May 19, 2017

LP: Adult Mom - Soft Spots

Examining all of our soft spots with Adult Mom.

Adult Mom makes music that demands to be heard, while still remaining gentle and approachable. Their new album Soft Spots explores queer identify and the raw power of vulnerability, and ultimately the quest to be seen and understood. The title Soft Spots refers to literal and metaphorical bruises, like on a peach or person, where rot and pain has already taken hold. Adult Mom soundtracks the process of slowly testing these injuries to explore the full extent of the damage in order to finally heal. These points of trauma are “soft spots that need to be found.” It’s a comforting record, like a warm blanket on a surprisingly chilly spring day or a long soak in a scented bath.

Adult Mom started as the lo-fi solo project of Steph Knipe, and while the band has grown in size and fidelity, the music keeps that same whispered intimacy of bedroom recordings. The guitars are often acoustic, and Knipe still provides their own hummed and wordless harmonies. Keyboards and chimes ring in, sometimes flashing out in front like the ascending scale on “Same” but mostly providing background ambiance. Even when the guitars get some teeth, they never snarl. Instead, on songs like “Tenderness,” Adult Mom utilizes loudness to burst into full bloom. The album never gets caught up in rage - “Anger is not for the body” Knipe advises on “Same”- but calmly continues to explain itself. Adult Mom exists in a DIY ecosystem where heartfelt emotions and small-life details hold sway over twee-esque guitars, like when they name-check innocuous NYC locations on "J Train." Knipe created their own lane in term of lyricism, drawing the occasional influence from Kimya Dawson's brand of hyper speak and Frankie Cosmos’ coy couplets. Knipe’s verses and choruses unfurl in complete sentences, only rhyming on the very last word, if at all. They’re begging to be stick-n-poke tattoos.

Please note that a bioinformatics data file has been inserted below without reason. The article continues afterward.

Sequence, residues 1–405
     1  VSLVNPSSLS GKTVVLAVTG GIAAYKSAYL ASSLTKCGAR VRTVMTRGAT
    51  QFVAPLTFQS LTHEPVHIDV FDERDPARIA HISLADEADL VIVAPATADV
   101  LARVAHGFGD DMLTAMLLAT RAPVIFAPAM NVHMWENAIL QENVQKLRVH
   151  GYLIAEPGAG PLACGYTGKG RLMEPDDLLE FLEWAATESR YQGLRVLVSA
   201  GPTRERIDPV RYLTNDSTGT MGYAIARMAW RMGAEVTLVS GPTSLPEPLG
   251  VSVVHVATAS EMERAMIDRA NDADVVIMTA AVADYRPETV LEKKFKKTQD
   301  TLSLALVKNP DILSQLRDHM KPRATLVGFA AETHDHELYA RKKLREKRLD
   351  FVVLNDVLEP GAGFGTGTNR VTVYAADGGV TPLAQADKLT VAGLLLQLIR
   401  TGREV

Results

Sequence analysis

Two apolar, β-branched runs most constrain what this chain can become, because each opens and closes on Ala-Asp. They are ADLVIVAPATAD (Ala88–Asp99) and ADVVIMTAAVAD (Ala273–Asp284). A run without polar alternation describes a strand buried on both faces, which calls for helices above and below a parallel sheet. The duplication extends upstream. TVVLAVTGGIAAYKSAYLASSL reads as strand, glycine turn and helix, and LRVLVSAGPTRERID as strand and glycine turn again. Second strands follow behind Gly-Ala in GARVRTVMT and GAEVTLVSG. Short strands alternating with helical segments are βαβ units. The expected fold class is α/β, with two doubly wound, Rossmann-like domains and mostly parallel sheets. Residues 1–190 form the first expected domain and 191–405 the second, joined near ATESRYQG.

Initial single “Full Screen” is still a standout, questioning if a potential partner could love you when you defy conventional ideas about gender. "Do you full screen your porn, do you think about me as your watch her crawl across the floor? / And in romantic comedies, do you project my genderless body on to the girl / Who loves you for what you were?” Knipe wonders. Even if you don't identify as non-binary, you can relate to Knipe’s anxiety of falling short of a partner's expectations. We all have these anxious thoughts in a relationship - I’m hopelessly in love with you, but could you even love someone like me? Do you know how? There’s a deeper desire than just finding sustainable romance in this song. There’s the need to be taken seriously as a full human being, someone to consider. “Will I be seen?” the first chorus asks. When the answer is yes, Adult Mom respond with a starry-eyed love song such as “Patience.” This quest for visibility, and more importantly to be understood, pops up again on “Steal The Lake from the Water.” “You call drowning swimming as you watch me swallow water,” Knipe sings. Being queer is often screaming at people who would rather ignore us, and Adult Mom captures how lonely this existence can be. Knipe turns those rare moments of recognition over and over again, when “sometime when we’re walking you are further ahead of me and you step back to meet me.” Even when we get the kind of understanding and empathy we so desperately need, it can be startling. “First Day of Spring” goes over the trauma of being told you don’t matter - “the slap of winter is too much, too much to recover” – and the shock to the heart when you're told that you do - “Like me it wasn’t ready for the warmth despite all it’s waiting.” Soft Spots is Knipe's quiet triumph of learning to heal in the face of trauma, and the rest of us are better for it.

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Listen to Adult Mom on bandcamp


THIS STAFF POST WAS CONTRIBUTED BY: 

Mo is a writer who can be spotted at the gig dancing like a squid. Follow him on twitter @sadgayfriendx. He also helps books shows at a Brooklyn house venue called The Bronze.